An excerpt from the Santa Barbara Writers Conference Scrapbook by Armando Nieto, Mary Conrad, and Matt Pallamary: 2004 was the last year that the Conrads owned the SBWC and it was the conference's last year at Westmont College.
Gayle Lynds who is one of this year's keynoters for 2017, was a keynoter that year.
“I am here,” Gayle stated, “to talk about plotting, because Barnaby asked me.” She directed the students to look in their SBWC packets for The Writer Magazine. “There’s an article written by a very fine writer — the one with plotting, or plotting a thriller or plotting suspense, or something like that — with interviews written by Julian Abbott. Interviews with me, and Dennis Lehane, and Stuart Woods, and so Barnaby took it into his head that it would be a good thing for me to talk about.”
Gayle talked with the audience about her experience plotting and said that everything has a plot. “Even when they say it doesn’t have a plot, it’s got a plot.” She read from a 1939-40 book by Jack Woodford that discussed plotting. He wrote that in any other profession you can put relatives to work, but novels require a special skillset.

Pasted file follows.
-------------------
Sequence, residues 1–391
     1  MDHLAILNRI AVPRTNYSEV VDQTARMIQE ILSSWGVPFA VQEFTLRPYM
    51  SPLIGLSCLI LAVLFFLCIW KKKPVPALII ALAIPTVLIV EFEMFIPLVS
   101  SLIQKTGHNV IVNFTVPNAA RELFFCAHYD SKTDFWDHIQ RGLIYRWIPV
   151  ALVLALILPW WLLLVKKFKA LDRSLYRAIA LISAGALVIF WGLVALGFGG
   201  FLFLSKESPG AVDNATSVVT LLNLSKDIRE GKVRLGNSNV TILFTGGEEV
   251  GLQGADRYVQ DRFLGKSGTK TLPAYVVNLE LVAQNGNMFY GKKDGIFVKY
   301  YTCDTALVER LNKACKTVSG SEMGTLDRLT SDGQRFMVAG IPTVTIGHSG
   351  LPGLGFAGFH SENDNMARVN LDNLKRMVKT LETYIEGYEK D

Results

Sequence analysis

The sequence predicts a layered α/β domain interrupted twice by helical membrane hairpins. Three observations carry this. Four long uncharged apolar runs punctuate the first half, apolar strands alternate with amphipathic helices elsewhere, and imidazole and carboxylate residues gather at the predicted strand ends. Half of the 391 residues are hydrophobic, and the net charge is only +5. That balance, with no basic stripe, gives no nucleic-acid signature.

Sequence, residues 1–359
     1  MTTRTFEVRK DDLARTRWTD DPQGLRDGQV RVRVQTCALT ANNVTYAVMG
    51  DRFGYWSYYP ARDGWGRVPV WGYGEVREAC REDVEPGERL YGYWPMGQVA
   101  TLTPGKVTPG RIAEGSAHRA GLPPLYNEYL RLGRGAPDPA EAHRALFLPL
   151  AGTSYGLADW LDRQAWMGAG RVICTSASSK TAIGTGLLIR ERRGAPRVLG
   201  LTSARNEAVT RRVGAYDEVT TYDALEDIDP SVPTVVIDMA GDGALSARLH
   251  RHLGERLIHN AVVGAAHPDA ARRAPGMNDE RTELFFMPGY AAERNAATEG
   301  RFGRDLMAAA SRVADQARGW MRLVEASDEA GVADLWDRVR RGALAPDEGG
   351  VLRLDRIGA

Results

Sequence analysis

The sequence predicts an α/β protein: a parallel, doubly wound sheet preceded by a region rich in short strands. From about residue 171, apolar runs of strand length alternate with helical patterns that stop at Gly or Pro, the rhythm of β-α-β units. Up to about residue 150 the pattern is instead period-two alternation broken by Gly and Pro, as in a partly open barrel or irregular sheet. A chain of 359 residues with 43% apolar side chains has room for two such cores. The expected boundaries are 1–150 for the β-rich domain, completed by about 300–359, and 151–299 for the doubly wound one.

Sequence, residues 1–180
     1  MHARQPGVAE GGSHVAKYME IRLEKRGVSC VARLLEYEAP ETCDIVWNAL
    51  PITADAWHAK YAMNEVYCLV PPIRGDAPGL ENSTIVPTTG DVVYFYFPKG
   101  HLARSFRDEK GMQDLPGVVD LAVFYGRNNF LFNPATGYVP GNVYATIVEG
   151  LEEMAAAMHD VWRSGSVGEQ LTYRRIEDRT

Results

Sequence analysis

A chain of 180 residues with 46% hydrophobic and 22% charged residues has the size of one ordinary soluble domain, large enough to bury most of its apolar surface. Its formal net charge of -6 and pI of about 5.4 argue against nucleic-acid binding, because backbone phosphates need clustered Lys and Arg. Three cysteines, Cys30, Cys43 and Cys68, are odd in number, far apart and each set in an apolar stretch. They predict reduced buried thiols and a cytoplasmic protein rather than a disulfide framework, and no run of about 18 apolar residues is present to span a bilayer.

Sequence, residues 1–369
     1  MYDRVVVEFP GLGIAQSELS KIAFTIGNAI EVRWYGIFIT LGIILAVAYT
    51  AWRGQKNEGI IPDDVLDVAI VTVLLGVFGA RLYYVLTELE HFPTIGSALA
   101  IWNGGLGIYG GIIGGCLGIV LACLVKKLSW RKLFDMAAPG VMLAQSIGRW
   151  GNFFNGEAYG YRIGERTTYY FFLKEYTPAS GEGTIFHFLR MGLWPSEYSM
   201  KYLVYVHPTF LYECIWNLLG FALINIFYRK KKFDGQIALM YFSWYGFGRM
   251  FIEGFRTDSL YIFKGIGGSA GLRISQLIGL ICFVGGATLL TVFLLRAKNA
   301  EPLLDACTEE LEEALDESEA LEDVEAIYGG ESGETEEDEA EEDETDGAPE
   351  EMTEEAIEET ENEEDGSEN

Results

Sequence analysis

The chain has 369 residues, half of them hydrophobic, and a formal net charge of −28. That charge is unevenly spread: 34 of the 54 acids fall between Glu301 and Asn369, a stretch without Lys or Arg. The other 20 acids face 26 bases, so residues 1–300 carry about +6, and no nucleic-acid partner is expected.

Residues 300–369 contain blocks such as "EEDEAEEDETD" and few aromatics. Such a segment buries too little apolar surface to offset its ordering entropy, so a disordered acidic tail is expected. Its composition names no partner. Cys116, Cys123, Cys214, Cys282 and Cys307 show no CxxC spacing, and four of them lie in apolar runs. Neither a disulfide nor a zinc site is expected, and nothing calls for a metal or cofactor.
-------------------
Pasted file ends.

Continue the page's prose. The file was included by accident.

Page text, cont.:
“‘Publishers’ relatives can’t write them. No matter how devoted the publisher is to his relatives, he can’t chisel them in on this one profession. It’s an honor left fairly free from nepotism.
"‘Of course publishers’ relatives do write novels, or have them written by ghost writers, but it’s one place where the nepotism game won’t really work, because you’ve got to have some brains to be a writer, and relatives never have brains. All the brains in the family run to one guy, in a given generation.’”
Gayle spoke again about the difference between a thriller and a mystery. She used the same Alfred Hitchcock example of a bomb place underneath a table that Andrew Klavan had used the previous day, “but I want to come to it from another direction.” She used the example of 9/11 in 2001 — acknowledging that it was a terrible event, but that in a thriller the story would start a few days before 9/11, perhaps with the terrorists preparing for the planes crashing, then build up to the moment of the crashes.
For this particular lecture she took the time to give the subtleties of plotting and story elements, interweaving her personal experience with the novels that she has written. “Two key words, for any novelist, are, What if?”
This was how she created a second novel to follow up on an earlier one. For years her publishers were after her to do a sequel, but Gayle could not see the story until finally she had her character go back to school and start a new way of life. At this point she admonished the audience to be in love with the story, because if they weren’t, then they could not credibly write for their audience, and once she came up with the new life for her character, she needed to develop plot elements to move the character into and through the story.